TESTED: MarXman Standard

Posted On 12 Oct 2016
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marxman2psioct16So what’s your preferred method of marking drill points on a wall? With a variety of potential surfaces to mark, the humble pencil may have been superseded in recent times by a Sharpie, but there is a new kid on the block and it is creating quite a storm in the market.

The MarXman pen has steadily picked up a few awards in the five years it has been around but it was the combination of its award for Best DIY Product 2015 at the Totally Tools Show coupled with a 2016 appearance on Dragons’ Den (in which every single ‘Dragon’ offered to back the product) that brought it to mainstream attention.

MarXman was set up by Martin Chard, a self-employed building maintenance man, who invented the pen after trying to fit a sink. He found that he could not mark the drilling position on the wall and also see the marks, so after a few time-wasting attempts, he reached for a can of black spray paint in desperation and marked it with that.

After far too many frustrating incidents like this during the fitting of kitchens, bathrooms and putting up shelving, with lots of wasted trips up and down ladders with broken pencils and felt tips that just do not do the job, he started the process of developing a new solution.

By pushing the MarXman pen into fixing holes it delivers a burst of bright chalk through the hole onto the mounting surface clearly showing where you need to drill your hole. The ‘Standard’ pen will mark drilling positions through fixing holes up to 45mm deep from 3 to 13 mm diameter onto most surfaces. For holes where you would need to mark reference points over 45mm, the MarXman Deep Hole pen is also available.

It is reported that the chalk will mark a drilling hole on any surface including tile, breeze-block, granite, plaster, cement etc and the chalk is florescent and can easily been seen from a distance (particularly useful if fixing at height). The chalk is non-permanent and can be brushed off and each pen is estimated to give 200 markings.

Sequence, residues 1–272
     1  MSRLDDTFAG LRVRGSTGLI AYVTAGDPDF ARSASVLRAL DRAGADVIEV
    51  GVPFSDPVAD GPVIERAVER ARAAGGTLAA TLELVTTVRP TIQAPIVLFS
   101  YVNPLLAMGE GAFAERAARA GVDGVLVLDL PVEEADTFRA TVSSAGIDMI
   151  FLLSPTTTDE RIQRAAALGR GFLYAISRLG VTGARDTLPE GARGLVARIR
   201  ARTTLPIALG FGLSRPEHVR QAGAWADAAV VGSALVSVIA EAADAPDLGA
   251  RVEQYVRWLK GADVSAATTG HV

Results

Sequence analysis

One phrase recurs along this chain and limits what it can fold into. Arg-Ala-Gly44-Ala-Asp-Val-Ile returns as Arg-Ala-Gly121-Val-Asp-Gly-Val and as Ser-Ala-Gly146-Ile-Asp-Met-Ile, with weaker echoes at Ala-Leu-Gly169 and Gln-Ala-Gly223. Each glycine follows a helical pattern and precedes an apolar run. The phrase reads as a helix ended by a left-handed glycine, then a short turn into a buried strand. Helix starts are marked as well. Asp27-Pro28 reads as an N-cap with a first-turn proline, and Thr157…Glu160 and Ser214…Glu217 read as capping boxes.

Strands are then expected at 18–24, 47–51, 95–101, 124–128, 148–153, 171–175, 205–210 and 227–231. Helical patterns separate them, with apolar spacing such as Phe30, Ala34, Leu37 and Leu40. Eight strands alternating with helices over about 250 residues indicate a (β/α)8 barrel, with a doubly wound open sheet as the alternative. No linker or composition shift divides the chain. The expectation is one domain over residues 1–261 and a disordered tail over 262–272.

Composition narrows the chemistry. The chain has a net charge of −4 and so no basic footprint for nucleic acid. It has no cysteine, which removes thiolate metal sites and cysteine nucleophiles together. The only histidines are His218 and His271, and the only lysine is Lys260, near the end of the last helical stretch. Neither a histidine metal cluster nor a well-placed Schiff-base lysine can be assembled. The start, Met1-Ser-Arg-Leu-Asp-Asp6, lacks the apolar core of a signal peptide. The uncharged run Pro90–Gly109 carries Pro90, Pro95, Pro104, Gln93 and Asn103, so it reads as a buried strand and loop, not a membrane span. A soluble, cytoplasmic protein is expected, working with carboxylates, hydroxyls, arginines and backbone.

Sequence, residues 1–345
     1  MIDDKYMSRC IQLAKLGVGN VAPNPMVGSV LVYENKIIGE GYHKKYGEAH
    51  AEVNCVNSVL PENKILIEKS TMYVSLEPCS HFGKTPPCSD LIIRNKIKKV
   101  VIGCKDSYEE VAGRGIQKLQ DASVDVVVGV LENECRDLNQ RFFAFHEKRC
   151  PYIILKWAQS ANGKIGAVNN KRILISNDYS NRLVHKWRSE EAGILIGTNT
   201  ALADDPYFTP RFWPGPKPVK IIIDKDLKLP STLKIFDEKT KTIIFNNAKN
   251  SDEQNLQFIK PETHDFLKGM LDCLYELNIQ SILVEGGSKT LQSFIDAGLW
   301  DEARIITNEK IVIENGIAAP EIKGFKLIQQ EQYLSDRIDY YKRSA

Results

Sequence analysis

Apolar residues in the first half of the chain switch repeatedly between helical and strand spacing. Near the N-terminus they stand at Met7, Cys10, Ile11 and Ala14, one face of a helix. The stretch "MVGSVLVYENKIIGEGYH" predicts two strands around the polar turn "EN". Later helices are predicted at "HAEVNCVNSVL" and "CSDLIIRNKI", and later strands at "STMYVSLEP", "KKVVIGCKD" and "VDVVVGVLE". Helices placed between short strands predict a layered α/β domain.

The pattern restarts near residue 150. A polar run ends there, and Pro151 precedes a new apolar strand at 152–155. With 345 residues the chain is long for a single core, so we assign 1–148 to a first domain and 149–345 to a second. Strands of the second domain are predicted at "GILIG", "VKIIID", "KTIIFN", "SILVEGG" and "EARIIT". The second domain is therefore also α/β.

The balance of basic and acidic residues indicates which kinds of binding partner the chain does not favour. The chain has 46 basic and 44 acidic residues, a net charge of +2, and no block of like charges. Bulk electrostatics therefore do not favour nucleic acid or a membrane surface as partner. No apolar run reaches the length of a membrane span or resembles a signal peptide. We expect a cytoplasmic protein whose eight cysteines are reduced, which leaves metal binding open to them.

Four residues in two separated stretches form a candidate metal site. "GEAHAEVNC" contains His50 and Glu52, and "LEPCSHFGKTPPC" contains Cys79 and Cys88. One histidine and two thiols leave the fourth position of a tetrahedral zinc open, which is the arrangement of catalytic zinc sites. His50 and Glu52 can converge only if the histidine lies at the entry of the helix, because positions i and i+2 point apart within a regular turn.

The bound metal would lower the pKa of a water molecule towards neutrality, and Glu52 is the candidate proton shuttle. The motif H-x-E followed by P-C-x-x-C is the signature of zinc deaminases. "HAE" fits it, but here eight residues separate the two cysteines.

Operation

Smaller than the average pencil the MarXman Standard fits into a toolbelt, box or pocket easily enough or if space is really tight the plastic nozzle comes off with a quick pull.

Firstly we tried the unit to mark the drill points of a PIR triggered security light being fitted to an exterior brick wall. The distance that the chalk needed to travel was no more than 5mm and the pen worked well, leaving a circle marking the place to drill with a bright green circle of around 2mm radius.

We then tried out the ‘up to 45mm’ claim using a 6.5mm drill bit and wooden blocks of 30mm and 50mm. In both cases the ‘Standard’ MarXman made a chalk mark on the brickwork, although in the case of the 50mm it was not quite as defined as the 30mm so the claim of up to 45mm seems a valid one.

Find out what we thought of the product in the October 2016 edition of PSI magazine